China USA Population 1,336,970 K 309,075 K SLPs 1K 140K Programs 3 postgraduate programs 1 undergraduate program 232 postgraduate programs 310 undergraduate programs Talk and Total Communication

83 Beijing NC Population 17,550K 9,491K SLPs 100 4,150

84 *Estimated number of individuals with Down
In China, because of the one child per family policy, women usually choose to have their child between 25 and 27 years of age. Pregnant women of advanced maternal age are rare. Therefore, the birth prevalence of Down syndrome in China is very low, less than 1/1000 live births. *Estimated number of individuals with Down Syndrome is 1,623,559 Talk and Total Communication

85 Talk and Total Communication

86 Talk and Total Communication

87 Talk and Total Communication

88 Talk and Total Communication
Meetings with other families at a special school had been arranged two days of our trip.  When I informed them that I had a prenatal diagnoses of DS and a heart defect with Caroline, you could see the shock on everyone of their faces.  China does not offer anything as far as services, public school, etc. like we experience here.  They do not take their kids out in public.  Only one of the families that we talked to actually had a diagnosis at birth, the rest found out months and up to 2 years later, after realizing themselves there were developmental delays.  Once diagnosed, most did not tell their extended family that they had a child with DS.  Unfortunately, the evolution of China is decades behind our way of thinking that every child deserves every opportunity. Talk and Total Communication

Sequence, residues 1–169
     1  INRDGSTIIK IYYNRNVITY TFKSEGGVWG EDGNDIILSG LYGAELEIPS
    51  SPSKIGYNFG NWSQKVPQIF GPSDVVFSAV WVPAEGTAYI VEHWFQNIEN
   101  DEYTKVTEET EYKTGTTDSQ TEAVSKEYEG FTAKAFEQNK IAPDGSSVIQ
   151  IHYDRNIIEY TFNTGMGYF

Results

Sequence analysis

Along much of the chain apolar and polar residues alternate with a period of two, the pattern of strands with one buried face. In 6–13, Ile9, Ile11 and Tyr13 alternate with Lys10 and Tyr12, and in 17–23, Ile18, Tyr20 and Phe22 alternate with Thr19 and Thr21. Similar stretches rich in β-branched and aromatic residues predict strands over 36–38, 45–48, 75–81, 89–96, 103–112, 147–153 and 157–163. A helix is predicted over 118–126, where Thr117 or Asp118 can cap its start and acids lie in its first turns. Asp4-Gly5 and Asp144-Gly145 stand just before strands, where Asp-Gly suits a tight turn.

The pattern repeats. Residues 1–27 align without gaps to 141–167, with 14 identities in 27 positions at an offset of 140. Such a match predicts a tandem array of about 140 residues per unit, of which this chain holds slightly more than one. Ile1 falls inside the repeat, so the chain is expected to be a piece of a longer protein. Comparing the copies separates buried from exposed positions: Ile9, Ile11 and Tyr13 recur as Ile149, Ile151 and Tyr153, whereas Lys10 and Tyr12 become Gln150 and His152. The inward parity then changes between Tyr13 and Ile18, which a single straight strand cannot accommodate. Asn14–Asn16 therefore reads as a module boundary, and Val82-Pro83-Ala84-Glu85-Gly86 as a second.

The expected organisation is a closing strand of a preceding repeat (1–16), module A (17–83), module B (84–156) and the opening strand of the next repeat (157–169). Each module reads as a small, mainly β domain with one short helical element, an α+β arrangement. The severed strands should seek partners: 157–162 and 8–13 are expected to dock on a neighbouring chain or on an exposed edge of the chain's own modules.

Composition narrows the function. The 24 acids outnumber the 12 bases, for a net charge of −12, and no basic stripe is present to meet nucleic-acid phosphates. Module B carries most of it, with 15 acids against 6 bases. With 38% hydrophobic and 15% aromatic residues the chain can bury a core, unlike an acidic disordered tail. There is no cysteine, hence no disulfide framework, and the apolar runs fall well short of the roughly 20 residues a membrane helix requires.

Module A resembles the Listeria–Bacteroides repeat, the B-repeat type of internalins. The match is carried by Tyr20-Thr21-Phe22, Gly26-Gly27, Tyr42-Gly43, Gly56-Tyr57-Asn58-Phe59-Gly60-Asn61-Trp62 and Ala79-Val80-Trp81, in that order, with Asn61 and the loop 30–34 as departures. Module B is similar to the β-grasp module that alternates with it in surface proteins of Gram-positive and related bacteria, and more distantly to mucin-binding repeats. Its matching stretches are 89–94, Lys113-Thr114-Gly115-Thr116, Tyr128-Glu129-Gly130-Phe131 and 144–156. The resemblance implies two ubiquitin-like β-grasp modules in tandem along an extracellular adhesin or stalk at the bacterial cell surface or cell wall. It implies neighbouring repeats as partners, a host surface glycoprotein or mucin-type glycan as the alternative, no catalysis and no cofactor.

89 Thanks for Listening!

90 What lies behind us and what lies before us are tiny matters compared to what lies within us.
Oliver Wendell Holmes

91 Web Pages